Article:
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Katerina Gregos: "Going to a football match and cheering for your country doesn’t make you a nationalist."

Andreas Trossek (1/2018)

Katerina Gregos talks about "The State is not a Work of Art", an international exhibition, which is part of the "Estonia 100" art programme (questions by Andreas Trossek).


17. II–29. IV 2018
Tallinn Art Hall, Tallinn Art Hall Gallery, Tallinn City Gallery, Vabadus Gallery
Curator: Katerina Gregos
Artists: Ewa Axelrad, Loulou Cherinet, Marta Górnicka, Lise Harlev, Femke Herregraven, Flo Kasearu, Thomas Kilpper, Szabolcs KissPál, Stéphanie Lagarde, Ella Littwitz, Thomas Locher, Cristina Lucas, Damir Muratov, Tanja Muravskaja, Marina Naprushkina, Kristina Norman, Daniela Ortiz, Katarzyna Przezwańska, Jaanus Samma, Ivar Sakk, Larissa Sansour, Jonas Staal, Kristina Solomoukha & Paolo Codeluppi

Andreas Trossek (AT): I plan to ask more general questions today so no evil critics…

Katerina Gregos (KG): (Laughs.) I don't mind evil critics, as long as they're intelligent and they make me learn something!

AT: Yes, exactly. Anyway, we've met here in Tallinn like a year ago when you were here on one of your research trips, but this project has a longer history?

KG: Yes, it was in autumn 2015 when Taaniel Raudsepp, whom I knew in his capacity as an artist before he became the director of the Tallinn Art Hall, approached me. I had worked with Visible Solutions LLC (Taaniel Raudsepp, Karel Koplimets and Sigrid Viir) when I was co-curating "Manifesta 9" in Genk in 2012, and we had stayed in touch because I really appreciated their work. Then at some point he told me he was going to direct the Tallinn Art Hall and I thought that this was really quite progressive for Estonia to appoint an artist at the head of an Art Hall…

(We get interrupted but after a few minutes the interview continues.)

KG: So yes, then he told me he plans to change certain things in the Art Hall and to make it more ambitious by inviting more international curators. And in September, 2015, when he had already become the director of the Tallinn Art Hall, he invited me to do a show. Of course he knew that I do predominately group shows because that's where I think curating actually comes in. I find it always very strange when you see a solo show with three works in it and it's actually curated by someone – that's not curating for me. I see curating very much through group exhibitions, through grappling with complicated issues, creating relationships, thinking about how to generate a dialogue between works and create narratives, connections, etc. So he knew I am a curator who works mainly with artists concerned with socially and politically engaged issues. I don't like to use the words "politically and socially engaged art" because I find it a bit pretentious. And I don't like the term "political art" either because it implies propagandistic subtexts. So I say I am working with artists who are interested in social and political issues because that's where I think artists actually have something to contribute today. There's way too much formal art going on these days, but OK… And so he said, by the way, it's also the centenary of Estonian independence, and of course it was impossible to ignore this context. So I thought, we'll do something that relates to that in some way. But of course it's an independent show.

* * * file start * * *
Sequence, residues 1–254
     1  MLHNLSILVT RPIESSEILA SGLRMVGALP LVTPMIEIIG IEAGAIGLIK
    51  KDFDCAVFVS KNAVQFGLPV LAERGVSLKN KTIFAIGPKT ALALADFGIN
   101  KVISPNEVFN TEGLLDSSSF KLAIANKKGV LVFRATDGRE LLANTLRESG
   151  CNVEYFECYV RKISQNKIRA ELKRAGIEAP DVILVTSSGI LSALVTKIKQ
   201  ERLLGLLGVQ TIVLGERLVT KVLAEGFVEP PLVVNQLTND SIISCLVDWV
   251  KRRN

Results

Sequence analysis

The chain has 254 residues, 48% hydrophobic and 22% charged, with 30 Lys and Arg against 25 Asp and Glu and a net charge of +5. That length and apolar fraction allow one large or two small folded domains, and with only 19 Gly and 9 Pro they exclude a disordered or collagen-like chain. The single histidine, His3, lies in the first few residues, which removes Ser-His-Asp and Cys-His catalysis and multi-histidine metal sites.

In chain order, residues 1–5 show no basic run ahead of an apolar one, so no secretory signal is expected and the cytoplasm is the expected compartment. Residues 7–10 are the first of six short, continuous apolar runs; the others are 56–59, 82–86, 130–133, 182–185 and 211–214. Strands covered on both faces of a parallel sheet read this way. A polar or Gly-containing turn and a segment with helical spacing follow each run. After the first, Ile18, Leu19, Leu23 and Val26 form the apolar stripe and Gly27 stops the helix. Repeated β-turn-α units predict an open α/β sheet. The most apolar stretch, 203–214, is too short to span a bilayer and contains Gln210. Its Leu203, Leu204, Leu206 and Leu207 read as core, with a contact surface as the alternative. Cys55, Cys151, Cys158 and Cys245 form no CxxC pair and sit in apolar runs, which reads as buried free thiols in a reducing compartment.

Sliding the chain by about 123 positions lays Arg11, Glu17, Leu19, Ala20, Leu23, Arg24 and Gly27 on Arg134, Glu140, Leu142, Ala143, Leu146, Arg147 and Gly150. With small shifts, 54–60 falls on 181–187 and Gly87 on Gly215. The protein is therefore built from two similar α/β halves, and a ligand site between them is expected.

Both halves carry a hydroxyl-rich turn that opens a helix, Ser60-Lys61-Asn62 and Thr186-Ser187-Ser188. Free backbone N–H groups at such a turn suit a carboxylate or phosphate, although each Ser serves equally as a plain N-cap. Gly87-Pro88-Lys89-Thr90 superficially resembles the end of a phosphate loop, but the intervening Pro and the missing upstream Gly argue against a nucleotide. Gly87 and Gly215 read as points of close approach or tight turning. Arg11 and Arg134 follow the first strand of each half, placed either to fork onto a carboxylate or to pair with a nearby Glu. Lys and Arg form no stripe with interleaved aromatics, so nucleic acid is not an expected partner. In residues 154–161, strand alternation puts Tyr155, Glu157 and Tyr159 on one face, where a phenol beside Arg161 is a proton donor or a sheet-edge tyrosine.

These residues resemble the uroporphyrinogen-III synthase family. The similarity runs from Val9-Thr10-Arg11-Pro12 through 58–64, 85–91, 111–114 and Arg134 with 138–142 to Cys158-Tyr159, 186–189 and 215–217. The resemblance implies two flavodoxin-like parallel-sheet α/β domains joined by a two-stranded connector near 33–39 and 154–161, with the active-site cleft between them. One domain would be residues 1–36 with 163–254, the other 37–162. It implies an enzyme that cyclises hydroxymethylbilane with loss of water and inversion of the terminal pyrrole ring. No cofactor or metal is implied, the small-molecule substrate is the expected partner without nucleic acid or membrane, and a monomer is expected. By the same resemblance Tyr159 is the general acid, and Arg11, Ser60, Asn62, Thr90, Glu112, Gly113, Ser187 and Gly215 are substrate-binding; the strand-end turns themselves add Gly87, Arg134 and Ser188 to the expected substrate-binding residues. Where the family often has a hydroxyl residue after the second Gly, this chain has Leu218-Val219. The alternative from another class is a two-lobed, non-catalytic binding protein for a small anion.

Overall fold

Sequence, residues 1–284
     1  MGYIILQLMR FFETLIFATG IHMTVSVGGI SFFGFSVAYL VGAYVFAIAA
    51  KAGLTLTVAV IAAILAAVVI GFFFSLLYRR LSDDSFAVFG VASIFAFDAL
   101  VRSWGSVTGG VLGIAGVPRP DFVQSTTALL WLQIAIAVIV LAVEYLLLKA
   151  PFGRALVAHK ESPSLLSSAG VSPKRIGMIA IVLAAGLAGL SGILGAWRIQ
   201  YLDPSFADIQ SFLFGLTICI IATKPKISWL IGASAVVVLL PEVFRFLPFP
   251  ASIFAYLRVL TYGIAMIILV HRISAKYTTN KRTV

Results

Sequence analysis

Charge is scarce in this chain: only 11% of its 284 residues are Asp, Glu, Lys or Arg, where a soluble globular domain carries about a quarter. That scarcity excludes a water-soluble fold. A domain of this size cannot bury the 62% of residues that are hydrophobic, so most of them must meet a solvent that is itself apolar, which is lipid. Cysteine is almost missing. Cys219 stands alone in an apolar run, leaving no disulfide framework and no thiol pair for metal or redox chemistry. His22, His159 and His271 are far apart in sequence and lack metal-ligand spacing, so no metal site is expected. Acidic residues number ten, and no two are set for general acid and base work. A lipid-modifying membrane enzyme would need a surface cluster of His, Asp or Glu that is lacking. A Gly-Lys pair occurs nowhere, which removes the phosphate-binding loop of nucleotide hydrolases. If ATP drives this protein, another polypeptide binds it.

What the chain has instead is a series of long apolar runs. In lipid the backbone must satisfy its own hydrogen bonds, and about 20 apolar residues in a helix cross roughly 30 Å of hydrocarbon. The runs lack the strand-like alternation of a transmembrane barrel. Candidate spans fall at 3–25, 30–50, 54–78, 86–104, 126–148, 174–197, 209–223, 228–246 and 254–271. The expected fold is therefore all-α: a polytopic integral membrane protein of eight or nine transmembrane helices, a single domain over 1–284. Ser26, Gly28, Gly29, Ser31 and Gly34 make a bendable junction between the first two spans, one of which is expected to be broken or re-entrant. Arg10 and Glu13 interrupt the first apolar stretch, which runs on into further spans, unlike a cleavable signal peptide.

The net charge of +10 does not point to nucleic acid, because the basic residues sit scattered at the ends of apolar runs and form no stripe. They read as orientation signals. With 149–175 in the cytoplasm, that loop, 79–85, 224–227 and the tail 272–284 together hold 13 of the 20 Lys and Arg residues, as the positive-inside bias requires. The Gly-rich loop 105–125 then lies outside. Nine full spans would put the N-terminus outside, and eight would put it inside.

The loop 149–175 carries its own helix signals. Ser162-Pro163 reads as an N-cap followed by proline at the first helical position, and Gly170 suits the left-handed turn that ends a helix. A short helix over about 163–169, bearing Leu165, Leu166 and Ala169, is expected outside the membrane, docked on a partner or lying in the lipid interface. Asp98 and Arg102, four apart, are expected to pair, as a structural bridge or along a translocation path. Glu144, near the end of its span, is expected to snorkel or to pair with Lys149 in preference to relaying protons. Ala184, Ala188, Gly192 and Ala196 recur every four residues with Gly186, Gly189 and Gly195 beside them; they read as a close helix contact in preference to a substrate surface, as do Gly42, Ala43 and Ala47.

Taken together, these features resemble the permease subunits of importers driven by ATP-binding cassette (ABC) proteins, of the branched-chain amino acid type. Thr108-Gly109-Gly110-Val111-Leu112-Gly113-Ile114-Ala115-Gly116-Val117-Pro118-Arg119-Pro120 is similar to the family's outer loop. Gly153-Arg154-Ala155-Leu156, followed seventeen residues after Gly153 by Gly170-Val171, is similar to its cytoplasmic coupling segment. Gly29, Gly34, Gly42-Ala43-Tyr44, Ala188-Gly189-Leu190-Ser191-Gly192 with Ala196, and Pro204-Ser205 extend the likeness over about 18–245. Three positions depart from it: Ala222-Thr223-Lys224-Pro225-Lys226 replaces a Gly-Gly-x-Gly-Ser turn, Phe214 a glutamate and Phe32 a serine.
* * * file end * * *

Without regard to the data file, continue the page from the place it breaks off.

AT: But I presume this celebratory context will still create certain expectations and add pressure?

KG: Had I been hired by the state, I would have made sure that I have a clause in my contract that would guarantee my artistic freedom. So the "Estonia 100" programme did put a small amount of money in the show but they have no interference in the content, none whatsoever. I think it's important to say that.

AT: OK, so the show…

KG: I thought it would make sense to revisit the ideas of a nation, nation-state and nationalism. It's not that there haven't been exhibitions about this before – I'm not re-inventing the wheel. But it is an issue that merits constant reconsideration precisely because of the geopolitical shifts taking place in the world and particularly in Europe right now. I mean, it has not been so long ago that we have seen this disturbing resurgence of nationalisms on a continent that has had a very dark chapter of similar kinds of tendencies in the 1930s and before World War II. In some countries we see it in a very pronounced way, such as Hungary or Poland. But it also manifests itself with Brexit or with the rise of the AFD in Germany. At the same time, the social, political and economic landscape in Europe is very different from what it was before World War II because we have the presence of transnational institutions, such as the European Union, with their cross-border economic agendas and…

(We get interrupted again. Some minutes later…)